The theory of differential scattering described in part I (preceding paper) is applied to the Raman process. Here, a distinction between inequivalent and equivalent chromophores is required. For systems with inequivalent chromophores, the leading contribution to the differential intensity of scattering involves the interference of second- and fourth-order probability amplitudes; in near- and far-zone limits, it depends on the inverse square of the group separation. For systems with equivalent chromophores, the spectrum should, in general, feature a doublet. The dominant contribution to the differential intensity comes from the second-order-second-order interference term and has a different sign for each doublet component. In many cases these contributions cancel and the leading term becomes the second-order-fourth-order interference term as in the case of inequivalent chromophores.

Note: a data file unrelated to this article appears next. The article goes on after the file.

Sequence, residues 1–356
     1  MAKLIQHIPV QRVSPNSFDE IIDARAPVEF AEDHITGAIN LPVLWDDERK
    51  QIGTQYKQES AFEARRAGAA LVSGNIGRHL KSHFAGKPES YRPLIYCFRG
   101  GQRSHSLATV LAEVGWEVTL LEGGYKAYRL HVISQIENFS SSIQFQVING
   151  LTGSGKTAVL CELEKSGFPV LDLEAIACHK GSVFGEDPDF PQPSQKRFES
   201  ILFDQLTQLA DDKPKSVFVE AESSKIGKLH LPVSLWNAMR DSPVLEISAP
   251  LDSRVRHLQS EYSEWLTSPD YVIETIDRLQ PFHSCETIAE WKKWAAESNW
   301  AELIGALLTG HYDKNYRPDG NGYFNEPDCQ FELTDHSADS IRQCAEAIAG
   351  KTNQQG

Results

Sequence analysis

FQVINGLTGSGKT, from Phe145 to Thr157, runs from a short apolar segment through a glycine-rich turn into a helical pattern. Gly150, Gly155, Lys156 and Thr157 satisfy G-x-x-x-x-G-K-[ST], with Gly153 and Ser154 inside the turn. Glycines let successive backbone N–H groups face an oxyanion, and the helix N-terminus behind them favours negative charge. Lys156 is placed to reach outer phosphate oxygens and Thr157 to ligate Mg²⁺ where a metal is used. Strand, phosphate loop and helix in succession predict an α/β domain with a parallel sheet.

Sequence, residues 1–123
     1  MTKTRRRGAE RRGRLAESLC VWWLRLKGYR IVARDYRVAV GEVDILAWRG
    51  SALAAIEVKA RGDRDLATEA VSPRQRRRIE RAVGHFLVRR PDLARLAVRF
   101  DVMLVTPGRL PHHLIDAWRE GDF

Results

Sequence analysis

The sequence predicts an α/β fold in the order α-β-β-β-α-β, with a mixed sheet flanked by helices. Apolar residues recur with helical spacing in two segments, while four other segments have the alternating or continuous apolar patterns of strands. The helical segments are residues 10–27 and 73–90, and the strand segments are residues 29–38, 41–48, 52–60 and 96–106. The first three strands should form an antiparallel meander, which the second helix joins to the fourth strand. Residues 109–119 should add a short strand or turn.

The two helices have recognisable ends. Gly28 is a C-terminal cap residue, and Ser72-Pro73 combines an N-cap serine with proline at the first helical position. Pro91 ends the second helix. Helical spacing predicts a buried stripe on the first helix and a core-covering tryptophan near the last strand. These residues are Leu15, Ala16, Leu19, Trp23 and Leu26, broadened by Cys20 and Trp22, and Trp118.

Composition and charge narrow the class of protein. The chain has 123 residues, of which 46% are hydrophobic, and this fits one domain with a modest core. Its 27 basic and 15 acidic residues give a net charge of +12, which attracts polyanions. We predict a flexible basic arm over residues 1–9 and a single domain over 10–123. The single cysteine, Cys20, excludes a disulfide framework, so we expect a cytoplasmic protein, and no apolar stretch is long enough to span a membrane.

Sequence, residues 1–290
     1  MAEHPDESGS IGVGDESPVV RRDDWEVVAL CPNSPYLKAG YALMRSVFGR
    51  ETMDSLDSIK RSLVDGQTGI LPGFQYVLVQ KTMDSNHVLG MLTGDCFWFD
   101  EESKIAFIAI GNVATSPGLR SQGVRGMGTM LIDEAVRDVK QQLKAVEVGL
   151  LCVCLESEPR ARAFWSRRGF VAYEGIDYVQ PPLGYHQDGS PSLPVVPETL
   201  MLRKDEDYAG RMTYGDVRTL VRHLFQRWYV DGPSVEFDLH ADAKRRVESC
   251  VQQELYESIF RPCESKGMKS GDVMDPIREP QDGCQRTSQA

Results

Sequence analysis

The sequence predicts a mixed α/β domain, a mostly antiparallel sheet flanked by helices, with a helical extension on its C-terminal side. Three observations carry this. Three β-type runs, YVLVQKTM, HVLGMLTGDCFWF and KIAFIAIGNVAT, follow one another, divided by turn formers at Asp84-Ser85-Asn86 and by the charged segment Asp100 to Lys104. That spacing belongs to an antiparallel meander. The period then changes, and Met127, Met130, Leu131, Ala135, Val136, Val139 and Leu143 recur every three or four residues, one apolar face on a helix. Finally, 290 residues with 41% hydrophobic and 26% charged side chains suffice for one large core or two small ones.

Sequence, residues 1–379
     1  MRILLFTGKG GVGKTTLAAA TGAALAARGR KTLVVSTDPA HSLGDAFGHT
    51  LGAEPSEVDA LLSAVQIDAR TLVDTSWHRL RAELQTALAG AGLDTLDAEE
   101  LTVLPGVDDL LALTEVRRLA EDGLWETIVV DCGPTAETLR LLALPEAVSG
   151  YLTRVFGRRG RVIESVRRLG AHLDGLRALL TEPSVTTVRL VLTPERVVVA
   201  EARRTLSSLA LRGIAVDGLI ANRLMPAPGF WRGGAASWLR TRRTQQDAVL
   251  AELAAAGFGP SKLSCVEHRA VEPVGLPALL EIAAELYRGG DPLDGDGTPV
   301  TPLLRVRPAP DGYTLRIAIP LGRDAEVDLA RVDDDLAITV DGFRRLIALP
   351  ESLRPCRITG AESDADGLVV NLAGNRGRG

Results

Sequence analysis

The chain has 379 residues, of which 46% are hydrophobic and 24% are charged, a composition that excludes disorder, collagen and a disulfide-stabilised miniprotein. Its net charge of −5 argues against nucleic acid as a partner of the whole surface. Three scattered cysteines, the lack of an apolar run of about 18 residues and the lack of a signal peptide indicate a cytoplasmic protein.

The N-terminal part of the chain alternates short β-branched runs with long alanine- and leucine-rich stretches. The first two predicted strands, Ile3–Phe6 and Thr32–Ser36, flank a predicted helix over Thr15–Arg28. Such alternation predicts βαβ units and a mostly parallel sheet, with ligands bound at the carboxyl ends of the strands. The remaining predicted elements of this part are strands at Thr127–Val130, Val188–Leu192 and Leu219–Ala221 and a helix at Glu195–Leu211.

|Number of pages
|Proceedings of the Royal Society A: Mathematical, Physical and Engineering Sciences
|Published - 6 Jan 1978